Source:  Saurabh Malhotra, MD, MPH, FASNC.

2. Invest in new gamma cameras
Dr. Malhotra recommends that laboratories aiming to replace older A-SPECT technology should strongly consider hybrid SPECT/CT systems or high-resolution CZT cameras. This is even more relevant now, given the significant financial constraints faced by numerous health systems that may not be able to afford more expensive technologies. He says hybrid SPECT/CT technology confers the additional advantage of assessment of coronary calcium score, which can be used by laboratories for better risk stratification, and a SPECT/CT system allows for accurate acquisition and interpretation of both planar and tomographic data, with the ability to co-localize true myocardial uptake from blood pool activity. Dr. Malhotra believes high-sensitivity CZT SPECT systems provide image resolution comparable to PET MPI, even among morbidly obese patients. CZT SPECT technology also enhances the ability of laboratories to provide improved patient-centered imaging – with lower radiation exposure (approaching that of PET MPI), ultra-fast imaging and enhanced application of low-dose stress-first and stress-only protocols.11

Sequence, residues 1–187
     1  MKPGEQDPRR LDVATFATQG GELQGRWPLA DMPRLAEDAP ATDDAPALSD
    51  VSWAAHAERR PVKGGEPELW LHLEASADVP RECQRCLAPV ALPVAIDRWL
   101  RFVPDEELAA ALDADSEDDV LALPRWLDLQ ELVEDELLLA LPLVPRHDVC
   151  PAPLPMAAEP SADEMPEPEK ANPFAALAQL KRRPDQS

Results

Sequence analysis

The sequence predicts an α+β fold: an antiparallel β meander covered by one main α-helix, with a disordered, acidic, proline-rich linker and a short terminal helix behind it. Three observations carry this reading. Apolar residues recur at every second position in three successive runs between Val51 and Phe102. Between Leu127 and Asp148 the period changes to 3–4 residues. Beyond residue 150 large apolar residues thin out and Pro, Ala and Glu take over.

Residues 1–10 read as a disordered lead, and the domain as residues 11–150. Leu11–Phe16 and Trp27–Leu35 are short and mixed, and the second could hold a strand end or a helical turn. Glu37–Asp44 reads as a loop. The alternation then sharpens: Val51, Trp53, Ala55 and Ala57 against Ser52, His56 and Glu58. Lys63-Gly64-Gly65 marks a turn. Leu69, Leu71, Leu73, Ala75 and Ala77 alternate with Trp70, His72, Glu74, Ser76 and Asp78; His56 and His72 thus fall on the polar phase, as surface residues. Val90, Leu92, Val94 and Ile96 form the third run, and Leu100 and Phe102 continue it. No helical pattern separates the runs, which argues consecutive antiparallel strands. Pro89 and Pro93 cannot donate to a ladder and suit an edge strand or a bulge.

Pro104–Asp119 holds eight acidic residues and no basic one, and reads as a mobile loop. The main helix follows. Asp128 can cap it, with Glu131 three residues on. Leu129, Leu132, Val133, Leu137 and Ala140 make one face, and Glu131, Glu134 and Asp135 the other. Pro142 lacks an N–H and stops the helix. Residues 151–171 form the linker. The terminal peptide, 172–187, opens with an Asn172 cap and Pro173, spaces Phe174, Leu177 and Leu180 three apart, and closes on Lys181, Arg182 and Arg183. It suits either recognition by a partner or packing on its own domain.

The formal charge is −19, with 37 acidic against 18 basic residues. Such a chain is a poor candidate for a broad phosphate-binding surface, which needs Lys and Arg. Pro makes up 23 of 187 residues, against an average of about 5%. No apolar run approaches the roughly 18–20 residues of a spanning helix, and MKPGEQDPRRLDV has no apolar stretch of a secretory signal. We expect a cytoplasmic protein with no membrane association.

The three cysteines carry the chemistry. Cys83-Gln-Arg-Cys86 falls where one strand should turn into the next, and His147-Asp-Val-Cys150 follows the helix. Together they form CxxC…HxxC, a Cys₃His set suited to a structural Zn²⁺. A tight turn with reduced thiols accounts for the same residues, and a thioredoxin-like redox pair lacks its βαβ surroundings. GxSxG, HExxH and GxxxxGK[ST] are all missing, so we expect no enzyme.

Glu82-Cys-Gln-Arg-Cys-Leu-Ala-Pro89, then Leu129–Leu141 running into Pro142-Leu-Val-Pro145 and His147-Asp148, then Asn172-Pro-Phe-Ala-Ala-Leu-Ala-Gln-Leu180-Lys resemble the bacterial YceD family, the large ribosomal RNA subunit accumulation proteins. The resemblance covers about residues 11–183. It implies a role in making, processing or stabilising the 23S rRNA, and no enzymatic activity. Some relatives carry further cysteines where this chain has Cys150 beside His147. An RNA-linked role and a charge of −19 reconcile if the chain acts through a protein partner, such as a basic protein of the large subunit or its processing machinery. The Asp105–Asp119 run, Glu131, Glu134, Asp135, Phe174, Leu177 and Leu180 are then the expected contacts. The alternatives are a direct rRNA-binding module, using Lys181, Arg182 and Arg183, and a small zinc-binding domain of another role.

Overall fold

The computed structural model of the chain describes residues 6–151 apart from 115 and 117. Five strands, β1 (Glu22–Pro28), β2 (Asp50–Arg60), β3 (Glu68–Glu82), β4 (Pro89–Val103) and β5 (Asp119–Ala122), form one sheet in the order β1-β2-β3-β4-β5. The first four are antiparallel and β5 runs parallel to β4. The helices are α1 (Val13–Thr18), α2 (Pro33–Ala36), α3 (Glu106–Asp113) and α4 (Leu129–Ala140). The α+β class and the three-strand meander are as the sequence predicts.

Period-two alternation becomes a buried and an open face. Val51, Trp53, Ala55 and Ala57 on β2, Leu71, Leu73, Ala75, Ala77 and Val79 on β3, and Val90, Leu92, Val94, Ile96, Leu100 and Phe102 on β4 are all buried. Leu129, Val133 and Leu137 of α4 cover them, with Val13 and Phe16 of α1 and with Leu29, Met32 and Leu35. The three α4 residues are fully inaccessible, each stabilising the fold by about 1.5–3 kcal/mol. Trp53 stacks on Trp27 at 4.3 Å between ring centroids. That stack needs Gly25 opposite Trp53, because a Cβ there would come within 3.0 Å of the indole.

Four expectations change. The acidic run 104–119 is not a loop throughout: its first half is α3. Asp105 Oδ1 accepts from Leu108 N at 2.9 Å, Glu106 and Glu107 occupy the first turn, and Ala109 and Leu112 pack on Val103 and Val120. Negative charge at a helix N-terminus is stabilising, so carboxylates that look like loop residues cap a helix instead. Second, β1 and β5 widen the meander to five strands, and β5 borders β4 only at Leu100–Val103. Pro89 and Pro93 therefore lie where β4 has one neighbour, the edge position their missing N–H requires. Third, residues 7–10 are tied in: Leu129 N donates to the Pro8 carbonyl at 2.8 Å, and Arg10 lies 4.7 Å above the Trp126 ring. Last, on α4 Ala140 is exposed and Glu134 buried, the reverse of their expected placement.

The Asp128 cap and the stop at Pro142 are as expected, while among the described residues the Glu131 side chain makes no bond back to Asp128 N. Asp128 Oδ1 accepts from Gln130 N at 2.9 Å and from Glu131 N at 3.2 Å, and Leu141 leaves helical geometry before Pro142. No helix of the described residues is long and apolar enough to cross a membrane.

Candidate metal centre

Disclaimer: The views and opinions expressed in this article are those of Dr. Saurabh Malhotra, MD, MPH, FASNC, Director of Advanced Cardiac Imaging at Cook County Health in Chicago, Illinois, and are based on his independent observations and judgements and do not necessarily reflect the policies, views or position of Cardinal Health. Any recommendations, analysis and or conclusions being provided are the opinions and conclusions of Dr. Malhotra. Cardinal Health does not warrant or guarantee the information provided is accurate, current or applicable for a particular use and accepts no responsibility or liability whatsoever.